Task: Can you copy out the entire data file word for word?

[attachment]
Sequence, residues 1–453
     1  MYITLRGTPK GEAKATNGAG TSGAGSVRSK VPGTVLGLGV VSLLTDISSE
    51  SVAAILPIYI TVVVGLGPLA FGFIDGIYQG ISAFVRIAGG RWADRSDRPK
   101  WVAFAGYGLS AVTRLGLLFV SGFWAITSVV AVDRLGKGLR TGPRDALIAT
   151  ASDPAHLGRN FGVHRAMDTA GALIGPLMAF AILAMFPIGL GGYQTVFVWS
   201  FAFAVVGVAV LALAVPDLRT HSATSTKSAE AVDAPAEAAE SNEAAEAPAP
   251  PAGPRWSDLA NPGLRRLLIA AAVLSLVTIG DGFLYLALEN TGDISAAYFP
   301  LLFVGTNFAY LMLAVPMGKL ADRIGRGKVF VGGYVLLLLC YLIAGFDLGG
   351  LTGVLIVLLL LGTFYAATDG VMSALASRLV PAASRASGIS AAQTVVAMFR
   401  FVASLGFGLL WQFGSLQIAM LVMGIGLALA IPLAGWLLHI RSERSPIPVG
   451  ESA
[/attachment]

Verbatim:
Sequence, residues 1–453
     1  MYITLRGTPK GEAKATNGAG TSGAGSVRSK VPGTVLGLGV VSLLTDISSE
    51  SVAAILPIYI TVVVGLGPLA FGFIDGIYQG ISAFVRIAGG RWADRSDRPK
   101  WVAFAGYGLS AVTRLGLLFV SGFWAITSVV AVDRLGKGLR TGPRDALIAT
   151  ASDPAHLGRN FGVHRAMDTA GALIGPLMAF AILAMFPIGL GGYQTVFVWS
   201  FAFAVVGVAV LALAVPDLRT HSATSTKSAE AVDAPAEAAE SNEAAEAPAP
   251  PAGPRWSDLA NPGLRRLLIA AAVLSLVTIG DGFLYLALEN TGDISAAYFP
   301  LLFVGTNFAY LMLAVPMGKL ADRIGRGKVF VGGYVLLLLC YLIAGFDLGG
   351  LTGVLIVLLL LGTFYAATDG VMSALASRLV PAASRASGIS AAQTVVAMFR
   401  FVASLGFGLL WQFGSLQIAM LVMGIGLALA IPLAGWLLHI RSERSPIPVG
   451  ESA